Virtualization Replaces Client-Server With Virtual Machines

As mentioned in a previous article on virtualization, the advent of client-server topology thankfully put computing power into the hands of end users, but as these applications were rolled out over many years a number of financial and technical issues became readily apparent.

* Low Infrastructure Utilization – often times operating at less than 25% of total capacity

* Increased Infrastructure Cost – for servers, desktop computers, facilities and cooling

* Increased Maintenance Cost – more network administrators and server upgrades

* Insufficient Disaster Protection – complex networks became more difficult to backup

Coming to the rescue was the implementation of virtualization technology inside x86-based hardware. Pioneered by VMware, this new layer of software allowed multiple “virtual machines” to operate on a single server. Taking advantage of multi-core, multi-processor hardware, these virtual machines act like a single physical computer, complete with CPU, memory, hard drive storage, and network interface.

Operating systems, which are loaded onto each of the virtual machines, behave as though they were running on a dedicated server, even though this fully isolated environment is software based. These operating systems, which can include Microsoft Windows running alongside various flavors of Linux, are completely isolated from each other. If one virtual machine encounters a problem and crashes, the others are unaffected while the problem is resolved and the one machine is rebooted separately.

Beyond the level of a single server, users can now create what VMware calls a Virtual Infrastructure which lets the IT group manage a series of servers as though they were a single machine. In this case, the physical resources of multiple servers, along with associated storage and networks, are pooled in a way that offers greater utilization, availability, performance and flexibility.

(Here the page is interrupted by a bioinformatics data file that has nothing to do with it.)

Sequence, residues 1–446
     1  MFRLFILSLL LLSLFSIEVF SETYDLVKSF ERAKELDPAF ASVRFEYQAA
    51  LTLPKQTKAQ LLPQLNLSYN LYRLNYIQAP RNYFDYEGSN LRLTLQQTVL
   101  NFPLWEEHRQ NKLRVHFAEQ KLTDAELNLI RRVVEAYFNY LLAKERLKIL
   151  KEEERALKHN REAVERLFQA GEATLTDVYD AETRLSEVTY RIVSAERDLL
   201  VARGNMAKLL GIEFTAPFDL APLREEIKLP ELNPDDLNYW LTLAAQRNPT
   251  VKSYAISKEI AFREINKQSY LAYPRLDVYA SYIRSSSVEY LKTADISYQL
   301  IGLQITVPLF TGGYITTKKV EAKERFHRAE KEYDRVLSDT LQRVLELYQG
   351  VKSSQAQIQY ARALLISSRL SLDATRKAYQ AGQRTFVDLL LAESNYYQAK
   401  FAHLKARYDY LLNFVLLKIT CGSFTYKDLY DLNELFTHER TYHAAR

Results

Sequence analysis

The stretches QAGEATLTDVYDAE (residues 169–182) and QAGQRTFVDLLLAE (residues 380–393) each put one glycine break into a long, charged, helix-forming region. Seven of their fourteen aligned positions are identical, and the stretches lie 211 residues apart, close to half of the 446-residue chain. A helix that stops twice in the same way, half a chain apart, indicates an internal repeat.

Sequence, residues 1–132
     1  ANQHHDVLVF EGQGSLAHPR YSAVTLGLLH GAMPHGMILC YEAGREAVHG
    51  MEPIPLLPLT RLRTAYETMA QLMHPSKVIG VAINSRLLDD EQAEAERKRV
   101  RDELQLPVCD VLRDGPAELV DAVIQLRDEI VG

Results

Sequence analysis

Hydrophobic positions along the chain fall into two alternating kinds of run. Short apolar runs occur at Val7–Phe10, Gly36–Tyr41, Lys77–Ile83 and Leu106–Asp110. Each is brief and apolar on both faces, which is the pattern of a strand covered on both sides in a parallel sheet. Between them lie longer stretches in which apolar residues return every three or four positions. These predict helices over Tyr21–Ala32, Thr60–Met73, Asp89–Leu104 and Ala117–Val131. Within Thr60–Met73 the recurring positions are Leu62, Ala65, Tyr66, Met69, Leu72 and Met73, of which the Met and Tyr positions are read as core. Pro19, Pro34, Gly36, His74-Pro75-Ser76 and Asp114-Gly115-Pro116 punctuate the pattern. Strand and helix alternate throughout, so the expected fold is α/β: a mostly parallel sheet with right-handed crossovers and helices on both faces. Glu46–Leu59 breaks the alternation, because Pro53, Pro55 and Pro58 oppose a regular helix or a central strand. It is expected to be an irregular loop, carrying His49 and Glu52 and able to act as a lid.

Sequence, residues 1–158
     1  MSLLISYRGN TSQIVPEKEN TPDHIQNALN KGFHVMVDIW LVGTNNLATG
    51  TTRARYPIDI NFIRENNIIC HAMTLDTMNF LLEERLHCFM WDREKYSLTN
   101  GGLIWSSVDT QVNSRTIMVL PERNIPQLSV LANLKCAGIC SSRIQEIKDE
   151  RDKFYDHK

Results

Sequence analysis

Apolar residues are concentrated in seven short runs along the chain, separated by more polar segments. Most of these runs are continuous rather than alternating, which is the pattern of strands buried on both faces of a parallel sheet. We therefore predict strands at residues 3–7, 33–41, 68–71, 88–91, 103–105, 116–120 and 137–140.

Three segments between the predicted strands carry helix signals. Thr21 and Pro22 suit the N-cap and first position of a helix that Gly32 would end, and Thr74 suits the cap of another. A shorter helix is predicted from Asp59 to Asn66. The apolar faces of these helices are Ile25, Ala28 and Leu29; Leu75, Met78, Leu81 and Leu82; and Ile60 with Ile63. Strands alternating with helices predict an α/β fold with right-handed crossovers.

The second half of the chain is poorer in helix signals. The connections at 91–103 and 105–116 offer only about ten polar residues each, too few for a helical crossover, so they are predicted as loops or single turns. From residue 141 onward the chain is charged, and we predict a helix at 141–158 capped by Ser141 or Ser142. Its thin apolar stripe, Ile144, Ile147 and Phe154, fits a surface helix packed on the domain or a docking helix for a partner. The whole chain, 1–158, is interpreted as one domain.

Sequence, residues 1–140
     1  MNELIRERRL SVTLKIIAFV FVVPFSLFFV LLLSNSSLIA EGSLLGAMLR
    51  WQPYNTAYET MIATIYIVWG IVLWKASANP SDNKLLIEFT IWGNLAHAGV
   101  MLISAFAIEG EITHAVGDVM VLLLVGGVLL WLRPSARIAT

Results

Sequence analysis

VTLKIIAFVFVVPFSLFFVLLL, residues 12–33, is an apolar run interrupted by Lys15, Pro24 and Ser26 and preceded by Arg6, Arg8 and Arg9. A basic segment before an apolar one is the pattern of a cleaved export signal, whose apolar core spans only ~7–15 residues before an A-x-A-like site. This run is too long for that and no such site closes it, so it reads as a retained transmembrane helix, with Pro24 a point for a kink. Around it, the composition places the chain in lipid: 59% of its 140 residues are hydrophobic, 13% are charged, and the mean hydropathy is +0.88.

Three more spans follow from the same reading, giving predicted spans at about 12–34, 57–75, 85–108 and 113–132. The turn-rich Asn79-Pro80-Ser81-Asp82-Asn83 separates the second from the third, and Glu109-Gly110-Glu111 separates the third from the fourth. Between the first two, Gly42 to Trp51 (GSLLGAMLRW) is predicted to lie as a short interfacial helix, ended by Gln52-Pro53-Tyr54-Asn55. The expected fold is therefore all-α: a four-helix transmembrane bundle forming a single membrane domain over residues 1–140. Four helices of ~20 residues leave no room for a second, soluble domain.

Within such configurations, dynamic provisioning allows computing resources to be allocated where needed, and these workloads can even be moved across hardware systems in real time. Scheduled maintenance can also occur without critical applications being taken off line while at the same time reducing overall points of failure.

Virtual machines and virtual infrastructures are being widely deployed, from data centers to industrial automation, video processing and simulation. Trenton offers a broad range of computing platforms that support such applications, using single board computers and backplanes or fully integrated rackmount computers with segmented backplanes supporting multiple SBCs in a single rackmount enclosure.

Two Trenton white papers covering the topics of Cross-Domain Networks and Cluster Computing can provide additional information on how Trenton is serving the needs of high performance computing in a virtualized environment.